The chief mercenary for the British East India Company, being double crossed by his former employer, has made his way to the American Colonies. Working to redeem his name, William Reynolds (Andrew Cheney) now hides behind a different mask in hopes of thwarting his former employer. As his past life closes in on him, Will must somehow gain the trust and the help of his beloved Charlotte, a woman he has been lying to, as well as a colonial intellectual by the name of Ben Franklin. All the while he races against time to defuse a plot that could have devastating effect on the birth of a new nation. Written by
The vote to declare independence was taken on July 2, 1776. The text of the Declaration of Independence was approved on July 4, 1776. The only person to sign the document on July 4, 1776 was John Hancock as President of Congress. It was read publicly on July 8, 1776 by city Sheriff John Nixon. See more »
In the 18th Century, men did not wear beards (the exception being some Russians). The upper and middle class gentleman would always be clean-shaven. The poor/laborer classes would only be shaved two or three times a week. Many German soldiers wore mustaches, but neither French nor British (and the colonists were still British) would have worn either mustaches or beards. See more »
Sort of like a comic book superhero version of How America Won Its Independence, "Beyond the Mask" features Andrew Cheney as a British assassin named William Reynolds who goes to the colonies to help wage war against the Empire, as a means of demonstrating to his true love (Kara Killmer) that, despite his checkered past, he's really just a decent guy under it all. While in the new world, he becomes a masked figure known as The Highwayman, who rides around at night securing victories for the fledgling rebels while hiding his identity behind a black mask. And, yes, it's every bit as dopey as it sounds. (William Reynolds was, apparently, an actual person but little in his biography matches anything that happens on screen).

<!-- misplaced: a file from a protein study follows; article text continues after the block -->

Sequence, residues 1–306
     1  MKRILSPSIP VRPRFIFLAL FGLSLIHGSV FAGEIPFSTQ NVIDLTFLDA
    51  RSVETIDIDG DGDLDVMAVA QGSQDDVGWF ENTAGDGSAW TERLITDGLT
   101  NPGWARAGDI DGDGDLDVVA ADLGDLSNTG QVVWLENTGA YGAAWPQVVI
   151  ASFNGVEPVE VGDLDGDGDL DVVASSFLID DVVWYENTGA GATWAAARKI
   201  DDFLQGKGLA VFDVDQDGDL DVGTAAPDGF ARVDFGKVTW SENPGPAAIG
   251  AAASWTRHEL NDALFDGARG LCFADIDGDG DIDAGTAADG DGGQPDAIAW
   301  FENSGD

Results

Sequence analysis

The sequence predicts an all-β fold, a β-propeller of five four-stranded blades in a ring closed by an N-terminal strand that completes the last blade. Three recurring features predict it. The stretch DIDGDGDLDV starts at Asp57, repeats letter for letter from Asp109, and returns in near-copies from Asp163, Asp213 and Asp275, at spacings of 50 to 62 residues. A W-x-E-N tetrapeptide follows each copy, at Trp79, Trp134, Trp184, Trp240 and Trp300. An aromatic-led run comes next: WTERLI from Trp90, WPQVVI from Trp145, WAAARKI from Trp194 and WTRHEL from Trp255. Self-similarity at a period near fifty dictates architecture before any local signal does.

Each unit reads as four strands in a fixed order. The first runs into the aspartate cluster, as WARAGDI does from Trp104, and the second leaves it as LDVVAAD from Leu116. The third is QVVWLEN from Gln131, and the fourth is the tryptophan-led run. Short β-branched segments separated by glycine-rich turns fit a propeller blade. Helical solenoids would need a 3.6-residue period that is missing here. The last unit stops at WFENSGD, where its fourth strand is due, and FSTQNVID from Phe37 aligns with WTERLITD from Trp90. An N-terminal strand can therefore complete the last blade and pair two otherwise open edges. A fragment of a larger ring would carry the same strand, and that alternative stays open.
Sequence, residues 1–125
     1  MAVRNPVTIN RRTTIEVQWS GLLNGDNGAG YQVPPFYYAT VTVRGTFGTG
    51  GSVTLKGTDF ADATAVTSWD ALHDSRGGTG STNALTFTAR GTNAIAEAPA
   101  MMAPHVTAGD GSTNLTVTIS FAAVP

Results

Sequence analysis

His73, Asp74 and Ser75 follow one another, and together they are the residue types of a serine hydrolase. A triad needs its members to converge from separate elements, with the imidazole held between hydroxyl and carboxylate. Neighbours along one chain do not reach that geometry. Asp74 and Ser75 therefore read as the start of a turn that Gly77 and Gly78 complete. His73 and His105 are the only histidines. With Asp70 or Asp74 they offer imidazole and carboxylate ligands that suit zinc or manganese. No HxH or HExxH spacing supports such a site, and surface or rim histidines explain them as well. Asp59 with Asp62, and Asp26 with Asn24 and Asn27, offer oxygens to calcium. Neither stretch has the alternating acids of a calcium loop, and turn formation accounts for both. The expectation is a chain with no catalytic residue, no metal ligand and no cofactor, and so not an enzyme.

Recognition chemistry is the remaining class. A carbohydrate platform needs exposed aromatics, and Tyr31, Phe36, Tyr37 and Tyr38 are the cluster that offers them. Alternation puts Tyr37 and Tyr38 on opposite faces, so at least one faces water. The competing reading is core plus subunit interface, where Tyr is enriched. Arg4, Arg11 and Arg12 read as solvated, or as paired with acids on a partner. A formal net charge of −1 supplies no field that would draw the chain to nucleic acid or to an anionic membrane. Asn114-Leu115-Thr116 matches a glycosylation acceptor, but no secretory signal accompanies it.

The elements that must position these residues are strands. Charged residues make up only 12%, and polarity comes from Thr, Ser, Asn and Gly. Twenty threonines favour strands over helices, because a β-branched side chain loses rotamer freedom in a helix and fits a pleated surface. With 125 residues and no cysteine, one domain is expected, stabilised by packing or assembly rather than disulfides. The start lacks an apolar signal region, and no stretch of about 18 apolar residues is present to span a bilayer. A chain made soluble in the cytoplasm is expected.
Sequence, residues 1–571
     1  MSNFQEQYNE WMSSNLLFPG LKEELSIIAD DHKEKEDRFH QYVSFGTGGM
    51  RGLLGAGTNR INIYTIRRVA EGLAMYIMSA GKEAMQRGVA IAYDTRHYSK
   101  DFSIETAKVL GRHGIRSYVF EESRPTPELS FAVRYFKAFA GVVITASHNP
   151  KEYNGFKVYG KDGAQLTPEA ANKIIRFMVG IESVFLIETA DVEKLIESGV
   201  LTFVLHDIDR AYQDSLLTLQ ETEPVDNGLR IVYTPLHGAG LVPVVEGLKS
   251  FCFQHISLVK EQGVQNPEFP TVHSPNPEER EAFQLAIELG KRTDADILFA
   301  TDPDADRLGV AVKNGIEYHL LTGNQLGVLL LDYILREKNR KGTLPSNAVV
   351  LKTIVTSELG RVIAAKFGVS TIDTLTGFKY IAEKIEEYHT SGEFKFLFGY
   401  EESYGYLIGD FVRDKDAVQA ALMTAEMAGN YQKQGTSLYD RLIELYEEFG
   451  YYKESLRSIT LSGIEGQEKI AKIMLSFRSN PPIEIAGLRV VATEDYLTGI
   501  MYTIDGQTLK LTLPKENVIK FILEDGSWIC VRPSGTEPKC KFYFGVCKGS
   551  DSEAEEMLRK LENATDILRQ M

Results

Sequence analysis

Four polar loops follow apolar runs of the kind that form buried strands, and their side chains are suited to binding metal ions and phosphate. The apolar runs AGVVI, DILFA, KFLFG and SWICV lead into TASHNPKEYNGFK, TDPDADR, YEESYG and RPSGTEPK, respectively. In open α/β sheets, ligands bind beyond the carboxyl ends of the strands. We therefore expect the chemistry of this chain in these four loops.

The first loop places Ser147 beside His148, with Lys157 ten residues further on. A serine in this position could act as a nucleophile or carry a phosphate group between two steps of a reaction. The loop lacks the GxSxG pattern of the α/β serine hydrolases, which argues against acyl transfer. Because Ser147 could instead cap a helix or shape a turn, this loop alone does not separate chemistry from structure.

A monument to inanity, "Beyond the Mask" lacks even the polish and professionalism of a junior high school civics project. Its portrayal of the personalities and events of the time is laughable at best, with a plot to blow up Philadelphia using Benjamin Franklin's own idea for electricity against him serving as the climactic stupidity. Luckily, Mr. Reynolds, scoundrel that he is, is on hand to thwart the dastardly deed with his heroism and his purity of heart.
And that, dear children, is how the Americans came to win their independence from England.
In more gifted hands, "Beyond the Mask" might have been a fun, everything-but-the-kitchen-sink kind of lark, a harmless little bit of absurd revisionism designed to make history entertaining for the masses. But, sad to say, everything about the movie - from the script to the directing to the acting - is so terrible that there's actually precious little fun to be had.
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